One of the problems with ingredients that are not often used, is some have a short shelf-life once opened, and although some do keep fairly well in the fridge (pesto and curry sauces keep longer if the contents are scraped down into the jar and then covered with a thin layer of oil to protect from the air), it's helpful to find different recipes to use these.

As we may have opened a new jar of Thai green curry paste to make the above recipe, then some fo the remaining past in the jar can be used for this dish.  If not intending to use the curry paste again for several days (weeks?), a good idea would be to spoon the remainder in the jar into ice-cube trays, freeze and then thaw out a cube (or two) when needed.  This way we never have any waste.

Thai Green Chicken Soup: serves 4
2 tsp sunflower oil
2 tblsp Thai green curry paste
1 red chilli, finely chopped
4 chestnut mushrooms, thinly sliced
1 chicken breast, thinly sliced
1.5 pints (800ml) chicken stock
2 tsp sugar
handful basil leaves, chopped
zest and juice of 1 lime
2 tsp soy sauce
Put a large saucepan on to heat, add the oil and fry the curry paste for about 30 seconds, then add the chilli and mushrooms.  Fry for 2 minutes, then stir in the chicken and stir-fry until browned. Pour in the stock and sugar, bring to the boil, reduce heat and simmer for 8 or so minutes until the chicken is cooked through. 
When ready to serve, stir in the basil, zest and juice of the lime, and the soy sauce.  Spoon into individual bowls and serve immediately.

Yesterday, being Father's Day, my Beloved had a piece a fillet steak with chestnut mushrooms, new potatoes and peas.  For 'afters' I cheated a bit, using odds and ends.  Started by making a Strawberry 'Whip' (Tesco's 10p mix), then slicing up a few fresh strawberries.  Fetched a couple of meringues from a tin in the larder (made these weeks ago and they are still as crisp as when taken from the oven), and also got some EasiYo 'strawberries and cream' yogurt from the fridge. 
Began piling up layers of strawberries, strawberry whip and crushed meringue into B's Knickerbocker Glory glass (we have only one glass and it's his). Then when nearly full, topped it with three scoops of the yogurt and finished it with a whole strawberry on top and a whole meringue stuck into the yog.   B just loved it.

When making a flavoured (and for that matter even a Greek yogurt) in the EasiYo containers, I always use a little less water than recommended.  This means, when set it is very firm and can be scooped out rather than poured.  If I do wish it to be slightly slacker (when making Raita or using it as a salad dressing (Lemon EasiYo is as good as salad cream), then the thick yogurt can have a little milk whisked in to dilute it.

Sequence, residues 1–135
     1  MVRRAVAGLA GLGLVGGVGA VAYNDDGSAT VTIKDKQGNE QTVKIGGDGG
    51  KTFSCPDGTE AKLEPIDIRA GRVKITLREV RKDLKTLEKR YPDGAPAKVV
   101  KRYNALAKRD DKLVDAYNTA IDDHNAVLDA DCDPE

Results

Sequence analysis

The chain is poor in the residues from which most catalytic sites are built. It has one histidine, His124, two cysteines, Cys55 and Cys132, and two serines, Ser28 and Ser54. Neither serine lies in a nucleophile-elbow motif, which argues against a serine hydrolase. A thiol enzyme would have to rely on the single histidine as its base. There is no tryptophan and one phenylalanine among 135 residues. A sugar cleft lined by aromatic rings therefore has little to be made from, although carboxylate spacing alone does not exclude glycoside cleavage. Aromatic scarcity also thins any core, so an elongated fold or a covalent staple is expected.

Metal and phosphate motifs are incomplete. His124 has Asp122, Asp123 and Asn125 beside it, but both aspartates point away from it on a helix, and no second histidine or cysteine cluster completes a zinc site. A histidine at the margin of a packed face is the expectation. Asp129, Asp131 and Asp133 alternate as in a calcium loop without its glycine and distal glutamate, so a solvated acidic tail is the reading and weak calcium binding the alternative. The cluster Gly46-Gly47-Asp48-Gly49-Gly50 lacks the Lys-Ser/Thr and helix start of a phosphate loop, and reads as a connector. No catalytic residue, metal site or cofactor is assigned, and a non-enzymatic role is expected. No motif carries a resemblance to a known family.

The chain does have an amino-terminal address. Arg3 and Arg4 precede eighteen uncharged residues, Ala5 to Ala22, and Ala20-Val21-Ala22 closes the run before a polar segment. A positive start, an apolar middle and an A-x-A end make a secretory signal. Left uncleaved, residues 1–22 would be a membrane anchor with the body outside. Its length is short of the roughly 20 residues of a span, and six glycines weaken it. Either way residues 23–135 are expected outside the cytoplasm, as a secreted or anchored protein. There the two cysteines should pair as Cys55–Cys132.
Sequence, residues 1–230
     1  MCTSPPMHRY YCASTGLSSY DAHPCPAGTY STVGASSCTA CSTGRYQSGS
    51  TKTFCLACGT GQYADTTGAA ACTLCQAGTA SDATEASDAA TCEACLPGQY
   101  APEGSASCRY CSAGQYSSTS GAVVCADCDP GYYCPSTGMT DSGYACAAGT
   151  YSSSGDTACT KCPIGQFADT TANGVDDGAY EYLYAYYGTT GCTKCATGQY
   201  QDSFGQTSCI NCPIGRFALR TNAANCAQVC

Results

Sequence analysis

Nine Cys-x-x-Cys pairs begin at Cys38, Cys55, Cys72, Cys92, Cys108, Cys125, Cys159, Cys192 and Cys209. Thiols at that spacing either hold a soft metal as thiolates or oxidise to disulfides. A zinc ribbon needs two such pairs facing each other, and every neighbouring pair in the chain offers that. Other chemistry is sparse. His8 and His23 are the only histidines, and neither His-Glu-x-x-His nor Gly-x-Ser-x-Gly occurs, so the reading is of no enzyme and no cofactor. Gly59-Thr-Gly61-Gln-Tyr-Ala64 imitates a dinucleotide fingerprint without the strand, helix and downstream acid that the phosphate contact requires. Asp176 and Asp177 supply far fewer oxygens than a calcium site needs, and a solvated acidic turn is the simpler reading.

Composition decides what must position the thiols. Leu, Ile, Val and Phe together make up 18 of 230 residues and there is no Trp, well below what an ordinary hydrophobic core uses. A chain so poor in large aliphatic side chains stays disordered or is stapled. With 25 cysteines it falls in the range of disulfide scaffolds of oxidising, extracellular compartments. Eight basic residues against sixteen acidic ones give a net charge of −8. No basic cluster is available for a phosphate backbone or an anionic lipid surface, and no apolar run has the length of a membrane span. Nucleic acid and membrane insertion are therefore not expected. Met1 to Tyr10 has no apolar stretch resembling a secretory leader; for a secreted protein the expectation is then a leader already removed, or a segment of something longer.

Although I assembled the above 'dessert' mid-afternoon, the meringues stayed crispy, possibly because the strawberry 'whip' and yogurt were both 'set', therefore not too 'wet', meaning the meringue had very little moisture to absorb.

Whenever I can I save egg whites (they can be frozen) as even one white will make a considerable number of small meringues, and as they keep so well (in an air-tight container), always ready for eating.  It's unbelievable how expensive meringues and meringue 'nests' are when you consider with 'free' (in other words deliberately saved) egg whites, and the small amount of sugar needed (2 oz per egg white), how cheap meringues are when made at home.  Even the oven doesn't need to be on as they can often dry out perfectly when placed in a just-turned-out hot oven that has been cooking something else, but then don't open the door for at least 8 hours (I used to leave my meringues in overnight in the heat used for cooking the evening meal).

Unfortunately, the oven we have here has a cooling fan that cools down the oven when it has been switched off.  This is such a nuisance as it prevents me drying off lots of things (such as bread crusts, meringues....) in the residual heat, so I normally have to 'dry' these off at a very low heat.  In our previous kitchen (in Leeds) the oven stayed warm (but not hot) for hours after it had been switched off.  

It's now past 10.00am, so this is where I have to take my leave as the bread dough needs making and unless I'm in the kitchen, I'll not hear the 'bleep' to say it is done.  The other day managed to put the dough into the tin to rise, but then nodded off in the living room and the dough had almost trebled in bulk and had overflowed the tin so had to knock it back and leave it to rise again.  This did it no harm, but meant it took me a lot longer to get from A to Z of the baking alphabet.  From now on I stay close to the kitchen and listen to the radio in there to keep me awake.

As ever, hope you all enjoy your day and look forward to meeting up with you all again tomorrow.  See you then.   
p.s. blogger spell-check isn't working AGAIN, so apologies for any errors, I haven't the time to read it all through and make the repairs myself.